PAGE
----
Emerging research has demonstrated that pancreatic ductal adenocarcinoma (PDAC) contains a sub-population of cancer stem cells (CSCs) characterized by self-renewal, anchorage-independent-growth, long-term proliferation and chemoresistance. The secretome analysis of pancreatic CSCs has not yet been performed, although it may provide insight into tumour/microenvironment interactions and intracellular processes, as well as to identify potential biomarkers. To characterize the secreted proteins of pancreatic CSCs, we performed an iTRAQ-based proteomic analysis to compare the secretomes of Panc1 cancer stem-like cells (Panc1 CSCs) and parental cell line. A total of 72 proteins were found up-/down-regulated in the conditioned medium of Panc1 CSCs. The pathway analysis revealed modulation of vital physiological pathways including glycolysis, gluconeogenesis and pentose phosphate. Through ELISA immunoassays we analysed the presence of the three proteins most highly secreted by Panc1 CSCs (ceruloplasmin, galectin-3, and MARCKS) in sera of PDAC patient. ROC curve analysis suggests ceruloplasmin as promising marker for patients negative for CA19-9.Overall, our study provides a systemic secretome analysis of pancreatic CSCs revealing a number of secreted proteins which participate in pathological conditions including cancer differentiation, invasion and metastasis. They may serve as a valuable pool of proteins from which biomarkers and therapeutic targets can be identified. Biological significance: The secretome of CSCs is a rich reservoir of biomarkers of cancer progression and molecular therapeutic targets, and thus is a topic of great interest for cancer research. The secretome analysis of pancreatic CSCs has not yet been performed. Recently, our group has demonstrated that Panc-CSCs isolated from parental cell line by using the CSC selective medium, represent a model of great importance to deepen the understanding of the biology of pancreatic adenocarcinoma. To our knowledge, this is the first proteomic study of pancreatic CSC secretome. We performed an iTRAQ-based analysis to compare the secretomes of Panc1 CSCs and Panc1 parental cell line and identified a total of 43 proteins secreted at higher level by pancreatic cancer stem cells. We found modulation of different vital physiological pathways (such as glycolysis and gluconeogenesis, pentose phosphate pathway) and the involvement of CSC secreted proteins (for example 72 kDa type IV collagenase, galectin-3, alpha-actinin-4, and MARCKS) in pathological conditions including cancer differentiation, invasion and metastasis. By ELISA verification we found that MARCKS and ceruloplasmin discriminate between controls and PDAC patients; in addition ROC curve analyses indicate that MARCKS does not have diagnostic accuracy, while ceruloplasmin could be a promising marker only for patients negative for CA19-9.We think that the findings reported in our manuscript advance the understanding of the pathways implicated in tumourigenesis, metastasis and chemoresistance of pancreatic cancer, and also identify a pool of proteins from which novel candidate diagnostic and therapeutic biomarkers could be discovered. © 2016 Elsevier B.V. Source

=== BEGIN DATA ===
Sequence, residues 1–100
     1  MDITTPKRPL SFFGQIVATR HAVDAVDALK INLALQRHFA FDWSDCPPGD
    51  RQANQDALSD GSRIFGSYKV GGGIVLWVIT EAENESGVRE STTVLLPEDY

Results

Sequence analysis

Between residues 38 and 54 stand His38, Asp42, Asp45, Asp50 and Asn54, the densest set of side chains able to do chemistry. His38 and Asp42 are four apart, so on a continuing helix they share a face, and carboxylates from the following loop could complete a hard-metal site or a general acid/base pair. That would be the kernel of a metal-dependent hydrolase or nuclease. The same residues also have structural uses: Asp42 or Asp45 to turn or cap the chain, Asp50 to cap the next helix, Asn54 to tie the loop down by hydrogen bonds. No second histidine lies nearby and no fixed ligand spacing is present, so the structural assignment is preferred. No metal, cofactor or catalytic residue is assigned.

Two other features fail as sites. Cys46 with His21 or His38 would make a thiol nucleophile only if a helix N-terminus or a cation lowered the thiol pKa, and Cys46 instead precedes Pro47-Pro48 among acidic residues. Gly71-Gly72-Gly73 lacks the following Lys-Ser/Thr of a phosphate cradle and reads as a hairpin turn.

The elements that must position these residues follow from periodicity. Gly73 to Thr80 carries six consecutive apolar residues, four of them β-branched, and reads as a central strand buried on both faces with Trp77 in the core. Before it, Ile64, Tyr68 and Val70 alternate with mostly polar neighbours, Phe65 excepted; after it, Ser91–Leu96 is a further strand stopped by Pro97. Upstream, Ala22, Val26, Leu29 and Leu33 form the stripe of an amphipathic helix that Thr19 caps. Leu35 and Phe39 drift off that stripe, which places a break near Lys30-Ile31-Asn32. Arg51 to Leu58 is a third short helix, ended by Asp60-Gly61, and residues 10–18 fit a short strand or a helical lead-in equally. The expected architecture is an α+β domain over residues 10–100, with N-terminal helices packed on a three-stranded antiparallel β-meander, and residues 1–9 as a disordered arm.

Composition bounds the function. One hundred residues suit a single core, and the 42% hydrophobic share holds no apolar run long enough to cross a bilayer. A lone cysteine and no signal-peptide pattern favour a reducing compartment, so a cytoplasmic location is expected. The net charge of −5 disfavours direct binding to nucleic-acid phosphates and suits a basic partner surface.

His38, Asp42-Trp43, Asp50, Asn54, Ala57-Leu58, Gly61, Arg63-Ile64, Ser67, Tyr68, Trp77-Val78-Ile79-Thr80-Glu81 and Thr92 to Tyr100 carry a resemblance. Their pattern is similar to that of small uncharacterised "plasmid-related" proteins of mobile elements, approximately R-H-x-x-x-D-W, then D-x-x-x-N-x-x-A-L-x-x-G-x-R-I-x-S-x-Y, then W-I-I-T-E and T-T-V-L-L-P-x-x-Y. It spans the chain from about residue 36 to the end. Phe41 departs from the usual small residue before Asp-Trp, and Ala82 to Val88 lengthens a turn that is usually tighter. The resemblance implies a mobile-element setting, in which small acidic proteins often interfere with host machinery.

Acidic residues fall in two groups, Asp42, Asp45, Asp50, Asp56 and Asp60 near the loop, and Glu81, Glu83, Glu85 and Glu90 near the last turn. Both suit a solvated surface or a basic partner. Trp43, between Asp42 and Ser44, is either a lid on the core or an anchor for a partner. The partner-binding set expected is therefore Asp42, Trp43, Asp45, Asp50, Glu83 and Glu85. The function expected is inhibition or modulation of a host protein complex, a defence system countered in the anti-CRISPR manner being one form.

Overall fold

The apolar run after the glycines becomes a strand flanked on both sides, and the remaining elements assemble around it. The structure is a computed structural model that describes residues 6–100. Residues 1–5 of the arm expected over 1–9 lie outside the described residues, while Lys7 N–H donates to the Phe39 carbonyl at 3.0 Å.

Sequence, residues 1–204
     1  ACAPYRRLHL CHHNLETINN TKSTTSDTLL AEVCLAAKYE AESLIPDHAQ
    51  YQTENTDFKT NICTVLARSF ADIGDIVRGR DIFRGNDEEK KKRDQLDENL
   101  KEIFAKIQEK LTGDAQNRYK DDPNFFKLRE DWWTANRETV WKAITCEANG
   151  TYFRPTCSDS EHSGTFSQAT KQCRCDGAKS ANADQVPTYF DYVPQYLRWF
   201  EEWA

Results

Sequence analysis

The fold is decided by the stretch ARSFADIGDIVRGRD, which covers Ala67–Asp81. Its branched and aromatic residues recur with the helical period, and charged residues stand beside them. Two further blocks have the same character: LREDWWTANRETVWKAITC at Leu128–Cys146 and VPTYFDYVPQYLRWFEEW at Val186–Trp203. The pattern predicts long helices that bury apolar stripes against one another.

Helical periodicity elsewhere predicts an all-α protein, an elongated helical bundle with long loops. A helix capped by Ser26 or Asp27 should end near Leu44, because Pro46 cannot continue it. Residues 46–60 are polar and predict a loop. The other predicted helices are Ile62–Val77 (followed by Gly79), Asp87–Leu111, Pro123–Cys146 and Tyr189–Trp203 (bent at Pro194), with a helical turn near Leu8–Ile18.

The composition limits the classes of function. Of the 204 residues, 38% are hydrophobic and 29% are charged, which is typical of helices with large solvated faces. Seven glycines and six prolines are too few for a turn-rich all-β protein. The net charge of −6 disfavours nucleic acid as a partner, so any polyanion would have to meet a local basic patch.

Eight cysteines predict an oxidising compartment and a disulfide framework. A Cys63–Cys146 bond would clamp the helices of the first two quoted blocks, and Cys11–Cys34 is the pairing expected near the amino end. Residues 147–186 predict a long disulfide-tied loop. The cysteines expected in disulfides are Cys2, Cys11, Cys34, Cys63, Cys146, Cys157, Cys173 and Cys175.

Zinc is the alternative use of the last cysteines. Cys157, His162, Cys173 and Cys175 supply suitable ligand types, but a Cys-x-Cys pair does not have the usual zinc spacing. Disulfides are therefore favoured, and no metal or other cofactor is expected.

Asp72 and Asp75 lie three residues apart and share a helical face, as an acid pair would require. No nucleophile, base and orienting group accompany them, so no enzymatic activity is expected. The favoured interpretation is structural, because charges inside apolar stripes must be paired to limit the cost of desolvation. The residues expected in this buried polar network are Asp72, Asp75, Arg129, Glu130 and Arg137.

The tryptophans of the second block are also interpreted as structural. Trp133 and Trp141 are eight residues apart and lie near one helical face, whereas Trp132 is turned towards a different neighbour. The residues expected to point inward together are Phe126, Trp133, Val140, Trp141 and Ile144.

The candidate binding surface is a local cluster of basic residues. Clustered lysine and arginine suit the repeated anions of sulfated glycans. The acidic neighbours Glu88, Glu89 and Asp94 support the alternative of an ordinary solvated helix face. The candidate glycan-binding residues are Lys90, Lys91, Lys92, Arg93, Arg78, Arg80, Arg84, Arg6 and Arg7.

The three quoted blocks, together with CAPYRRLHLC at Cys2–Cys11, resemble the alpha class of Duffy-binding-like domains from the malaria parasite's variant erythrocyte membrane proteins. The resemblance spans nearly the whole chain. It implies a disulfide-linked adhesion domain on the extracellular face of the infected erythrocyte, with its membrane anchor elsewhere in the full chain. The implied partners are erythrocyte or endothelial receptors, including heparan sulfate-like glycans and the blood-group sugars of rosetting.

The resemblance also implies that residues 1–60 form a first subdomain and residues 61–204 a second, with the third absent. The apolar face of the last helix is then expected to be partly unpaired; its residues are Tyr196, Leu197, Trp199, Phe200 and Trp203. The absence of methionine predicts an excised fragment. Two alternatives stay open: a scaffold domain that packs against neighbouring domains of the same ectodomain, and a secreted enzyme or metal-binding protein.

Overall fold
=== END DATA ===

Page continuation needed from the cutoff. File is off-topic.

Radon T.P.,Queen Mary, University of London | Massat N.J.,Queen Mary, University of London | Jones R.,Bioworks Inc. | Alrawashdeh W.,Queen Mary, University of London | And 12 more authors.
Clinical Cancer Research | Year: 2015

Purpose: Noninvasive biomarkers for early detection of pancreatic ductal adenocarcinoma (PDAC) are currently not available. Here, weaimedto identify a set of urine proteins able to distinguish patients with early-stage PDAC from healthy individuals. Experimental design: Proteomes of 18 urine samples from healthy controls, chronic pancreatitis, and patients with PDAC (six/group) were assayed using GeLC/MS/MS analysis. The selected biomarkers were subsequently validated with ELISA assays using multiple logistic regression applied to a training dataset in a multicenter cohort comprising 488 urine samples. Results: LYVE-1, REG1A, and TFF1 were selected as candidate biomarkers. When comparing PDAC (n = 192) with healthy (n = 87) urine specimens, the resulting areas under the receiver-operating characteristic curves (AUC) of the panel were 0.89 [95% confidence interval (CI), 0.84-0.94] in the training (70% of the data) and 0.92 (95% CI, 0.86-0.98) in the validation (30% of the data) datasets. When comparing PDAC stage I-II (n = 71) with healthy urine specimens, the panel achieved AUCs of 0.90 (95% CI, 0.84-0.96) and 0.93 (95% CI, 0.84-1.00) in the training and validation datasets, respectively. In PDAC stage I-II and healthy samples with matching plasma CA19.9, the panel achieved a higher AUC of 0.97 (95% CI, 0.94-0.99) than CA19.9 (AUC = 0.88; 95% CI, 0.81-0.95, P = 0.005). Adding plasma CA19.9 to the panel increased the AUC from 0.97 (95% CI, 0.94-0.99) to 0.99 (95% CI, 0.97-1.00, P = 0.04), but did not improve the comparison of stage I-IIA PDAC (n = 17) with healthy urine. Conclusions: We have established a novel, three-protein biomarker panel that is able to detect patients with early-stage pancreatic cancer in urine specimens. © 2015 American Association for Cancer Research. Source